Laws and Legal Systems

Human Trafficking In Africa; A socio-economic crisis

Human trafficking is a global problem that affects people almost all over the world. Although it is difficult to prove statistics on the extent of the crime, rumors indicate that it is increasing. Approximately, an average of 40.3 million people were reported to be in modern slavery in 2017 while the total annual revenue from human trafficking varies from one source to another, it is estimated to be between USD 5 and 42 billion, the practice is common on different continents of the world but it is endemic in Africa.

Africa has been ravaged by a series of crises, including high unemployment, poverty, hunger, corruption, political and economic instability, among many others. Tensions and insurgency have exacerbated these problems, leading to internal displacement of people. The quest for survival in these socio-political and economic crises has produced larger waves of immigration from one African country to another; from one African region to another, and from Africa to other continents. Although some immigration activities are legal, many other activities are carried out illegally. At the same time, criminals often deceive immigrants and traffic them in a world of varying degrees of exploitation. Although the exact number and demographics of trafficked persons from Africa are unknown, reports indicates that between 2017 and 2020 alone, a total of 108,613 individual cases of trafficking have been recorded whereas a total of 6-9 countries were found victims of human trafficking in sub-Saharan Africa.

The scale of human trafficking in Africa comes from alerts issued by activists, civil societies and non-governmental organizations (NGOs), especially in Nigeria, Togo, South Africa and the Republic of Benin, to name a few. Anecdotal reports indicate that the rate of human trafficking in West Africa has been alarming since the mid-1990s. Child trafficking also became prominent in West Africa, with targets on children between the ages of 3 and 17years old. Although great efforts have been made to combat human trafficking in Africa at the international, national and regional levels, it is regrettable that the success achieved is limited.
The nature, scope and complexity of human trafficking in Africa is discussed in this article. Starting with the concept of human trafficking, we outline human trafficking in Africa; the driving factors of human trafficking and recommendations for effective response measures.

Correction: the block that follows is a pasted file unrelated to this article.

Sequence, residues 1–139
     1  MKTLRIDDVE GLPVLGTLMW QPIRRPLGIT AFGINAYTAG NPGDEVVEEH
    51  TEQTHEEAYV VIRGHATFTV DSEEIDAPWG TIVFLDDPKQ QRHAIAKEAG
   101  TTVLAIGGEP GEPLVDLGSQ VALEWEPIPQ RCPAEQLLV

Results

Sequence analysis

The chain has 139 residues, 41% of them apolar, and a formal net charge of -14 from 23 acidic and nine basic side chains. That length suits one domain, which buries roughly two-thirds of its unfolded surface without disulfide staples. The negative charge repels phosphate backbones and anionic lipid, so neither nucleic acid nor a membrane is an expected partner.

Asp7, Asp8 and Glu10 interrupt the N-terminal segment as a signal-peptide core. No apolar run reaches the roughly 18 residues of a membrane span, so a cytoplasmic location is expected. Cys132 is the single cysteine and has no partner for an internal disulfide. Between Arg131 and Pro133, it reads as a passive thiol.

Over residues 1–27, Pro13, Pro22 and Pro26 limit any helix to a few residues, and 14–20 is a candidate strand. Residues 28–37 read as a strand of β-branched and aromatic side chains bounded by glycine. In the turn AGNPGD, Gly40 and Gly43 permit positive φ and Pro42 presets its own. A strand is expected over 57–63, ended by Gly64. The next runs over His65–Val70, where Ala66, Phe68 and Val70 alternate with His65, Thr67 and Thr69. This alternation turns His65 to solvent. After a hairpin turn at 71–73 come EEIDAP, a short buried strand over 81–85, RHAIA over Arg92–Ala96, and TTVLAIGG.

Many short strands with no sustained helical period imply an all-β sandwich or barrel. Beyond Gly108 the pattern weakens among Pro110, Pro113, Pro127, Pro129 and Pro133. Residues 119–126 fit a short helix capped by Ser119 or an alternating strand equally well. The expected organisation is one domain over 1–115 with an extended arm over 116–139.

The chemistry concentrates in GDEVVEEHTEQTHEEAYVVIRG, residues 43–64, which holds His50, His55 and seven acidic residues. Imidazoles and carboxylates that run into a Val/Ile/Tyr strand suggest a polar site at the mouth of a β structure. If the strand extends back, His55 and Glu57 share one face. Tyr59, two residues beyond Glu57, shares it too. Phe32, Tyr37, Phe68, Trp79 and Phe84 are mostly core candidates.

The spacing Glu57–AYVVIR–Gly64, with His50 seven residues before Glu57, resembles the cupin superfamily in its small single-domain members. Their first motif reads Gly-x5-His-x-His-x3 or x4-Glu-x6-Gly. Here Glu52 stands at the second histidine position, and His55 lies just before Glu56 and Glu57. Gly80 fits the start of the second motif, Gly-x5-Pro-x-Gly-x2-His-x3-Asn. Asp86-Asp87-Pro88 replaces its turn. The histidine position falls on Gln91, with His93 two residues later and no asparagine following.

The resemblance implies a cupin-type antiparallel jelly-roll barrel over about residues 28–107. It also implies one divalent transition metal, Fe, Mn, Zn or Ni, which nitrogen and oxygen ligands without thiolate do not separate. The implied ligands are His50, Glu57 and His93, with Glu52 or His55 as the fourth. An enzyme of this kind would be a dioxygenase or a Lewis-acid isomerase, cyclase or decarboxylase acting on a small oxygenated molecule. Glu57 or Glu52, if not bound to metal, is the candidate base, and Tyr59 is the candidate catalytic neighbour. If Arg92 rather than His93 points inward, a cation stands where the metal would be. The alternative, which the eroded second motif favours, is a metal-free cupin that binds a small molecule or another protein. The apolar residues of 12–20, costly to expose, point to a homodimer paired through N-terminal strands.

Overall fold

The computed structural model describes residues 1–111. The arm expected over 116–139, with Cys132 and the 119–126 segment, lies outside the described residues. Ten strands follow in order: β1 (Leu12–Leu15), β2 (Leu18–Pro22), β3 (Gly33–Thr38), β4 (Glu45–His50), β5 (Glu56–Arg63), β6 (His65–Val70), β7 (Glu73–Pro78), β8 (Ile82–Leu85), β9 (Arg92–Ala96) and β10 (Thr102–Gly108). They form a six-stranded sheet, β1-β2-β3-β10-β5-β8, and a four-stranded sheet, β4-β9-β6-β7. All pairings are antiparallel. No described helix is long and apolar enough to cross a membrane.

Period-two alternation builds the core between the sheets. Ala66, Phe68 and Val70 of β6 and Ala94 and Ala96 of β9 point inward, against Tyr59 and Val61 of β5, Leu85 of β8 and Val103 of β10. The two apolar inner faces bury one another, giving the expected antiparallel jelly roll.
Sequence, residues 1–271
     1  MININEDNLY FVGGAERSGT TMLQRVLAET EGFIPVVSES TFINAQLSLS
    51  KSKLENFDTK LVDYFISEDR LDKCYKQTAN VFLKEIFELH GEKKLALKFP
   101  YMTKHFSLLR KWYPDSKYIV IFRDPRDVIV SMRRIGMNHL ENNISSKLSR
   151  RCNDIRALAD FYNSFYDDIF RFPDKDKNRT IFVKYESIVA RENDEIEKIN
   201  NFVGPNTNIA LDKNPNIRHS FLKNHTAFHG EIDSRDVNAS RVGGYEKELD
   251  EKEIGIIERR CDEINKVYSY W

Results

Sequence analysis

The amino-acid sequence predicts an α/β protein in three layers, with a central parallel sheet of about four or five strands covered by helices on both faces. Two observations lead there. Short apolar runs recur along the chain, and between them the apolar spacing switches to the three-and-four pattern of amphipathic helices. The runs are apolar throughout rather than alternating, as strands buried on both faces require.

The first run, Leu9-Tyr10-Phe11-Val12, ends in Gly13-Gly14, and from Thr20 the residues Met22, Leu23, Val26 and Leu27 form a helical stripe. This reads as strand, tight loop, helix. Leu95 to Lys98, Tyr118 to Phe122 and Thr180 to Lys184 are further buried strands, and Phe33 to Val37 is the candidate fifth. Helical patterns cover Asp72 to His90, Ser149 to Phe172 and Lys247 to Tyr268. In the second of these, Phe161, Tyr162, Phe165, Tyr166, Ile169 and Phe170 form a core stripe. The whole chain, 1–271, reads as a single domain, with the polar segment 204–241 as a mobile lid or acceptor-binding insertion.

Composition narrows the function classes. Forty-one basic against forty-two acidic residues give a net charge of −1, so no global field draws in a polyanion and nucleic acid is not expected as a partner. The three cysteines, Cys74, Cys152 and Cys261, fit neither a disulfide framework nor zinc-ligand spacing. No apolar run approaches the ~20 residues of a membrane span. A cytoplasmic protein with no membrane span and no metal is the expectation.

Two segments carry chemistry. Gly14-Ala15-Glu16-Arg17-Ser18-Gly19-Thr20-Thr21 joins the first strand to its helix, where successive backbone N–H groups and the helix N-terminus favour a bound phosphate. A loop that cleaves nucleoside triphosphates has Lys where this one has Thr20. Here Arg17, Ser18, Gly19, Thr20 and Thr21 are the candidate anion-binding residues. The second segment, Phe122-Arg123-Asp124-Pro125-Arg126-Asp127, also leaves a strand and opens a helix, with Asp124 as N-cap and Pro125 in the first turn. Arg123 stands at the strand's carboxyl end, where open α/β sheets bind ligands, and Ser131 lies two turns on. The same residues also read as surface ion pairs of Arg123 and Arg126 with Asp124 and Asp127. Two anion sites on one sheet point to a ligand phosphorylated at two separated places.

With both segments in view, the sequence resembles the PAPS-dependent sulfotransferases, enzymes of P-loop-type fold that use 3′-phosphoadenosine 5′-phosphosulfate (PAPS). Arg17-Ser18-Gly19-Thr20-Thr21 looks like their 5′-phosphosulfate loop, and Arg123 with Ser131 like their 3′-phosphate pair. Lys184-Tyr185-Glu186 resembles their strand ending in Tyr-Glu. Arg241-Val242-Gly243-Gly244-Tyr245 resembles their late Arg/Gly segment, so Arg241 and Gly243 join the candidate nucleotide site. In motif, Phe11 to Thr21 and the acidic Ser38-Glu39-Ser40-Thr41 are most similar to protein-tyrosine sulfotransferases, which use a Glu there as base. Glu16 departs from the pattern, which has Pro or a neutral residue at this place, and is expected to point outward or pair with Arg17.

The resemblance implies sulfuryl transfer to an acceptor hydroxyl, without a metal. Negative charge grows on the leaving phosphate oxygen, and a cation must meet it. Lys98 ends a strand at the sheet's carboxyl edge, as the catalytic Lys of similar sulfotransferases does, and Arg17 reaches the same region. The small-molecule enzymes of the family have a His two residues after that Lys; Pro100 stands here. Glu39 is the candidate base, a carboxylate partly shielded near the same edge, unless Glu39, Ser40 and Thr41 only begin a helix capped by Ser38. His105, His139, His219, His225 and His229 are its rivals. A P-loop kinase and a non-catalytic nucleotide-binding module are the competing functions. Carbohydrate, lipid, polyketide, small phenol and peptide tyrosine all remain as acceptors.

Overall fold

In Africa, estimates determine that more than 40 million people live in modern slavery, making it more rampant than at any time in human history. 23% of global human trafficking occurs in Africa according to the 2018 Global Slavery Index, there are more than 9.2 million people living in modern slavery in some parts of Africa. This represents almost a quarter of all human trafficking worldwide. Among the countries with the highest number of victims per thousand in Africa, Eritrea has the highest prevalence rate at 93 per thousand, followed by Burundi with 40 and the Central African Republic with 22.3.
Furthermore, 40% of trafficked persons in Africa are in forced labor. According to the Global Slavery Index, an estimated 37% of victims of human trafficking face forced labor on the African continent. Trafficking in labor can take many forms, including agricultural, mining and fishing activities. Traffickers often force victims to work long hours in extremely dangerous conditions and potentially abusive environments, with little pay.

Also, not more than half of human trafficking victims are forced into marriage. For most, traffickers often force about 63% of victims to marry without their consent, many of whom are identified as children. This could be as a result of exchanging this young ones for money, debt settlement or family disputes without considering the impacts on the innocent child. Forced marriage can lead to sexual and physical abuse, domestic slavery and sexual exploitation.
In Kenya, Zimbabwe and Ghana, taking advantage of people’s fear of contracting HIV, girls as young as 8 years old are sold as brides because of their puberty. Children from war-torn West African countries are often sold as slave labor, working on tea, cotton and cocoa plantations. Girls from Togo were trafficked to work as domestic servants away from home. According to some reports, in Malawi, European tourists have driven the demand for child prostitution, and some of these children have been sent to Europe as sex slaves. The reports describe the vicious cycle of abuse, in which child victims later become abusers. In Tanzania, trafficked children subsequently returned to their villages to recruit new victims to work in the country’s mines.

African countries need to recognize that human trafficking, especially children, is a major violation of human rights and can have serious consequences for economic development. Many African countries have not yet ratified the major international conventions that prohibit trade among humans. The trade is fueled by sexual and economic exploitation.

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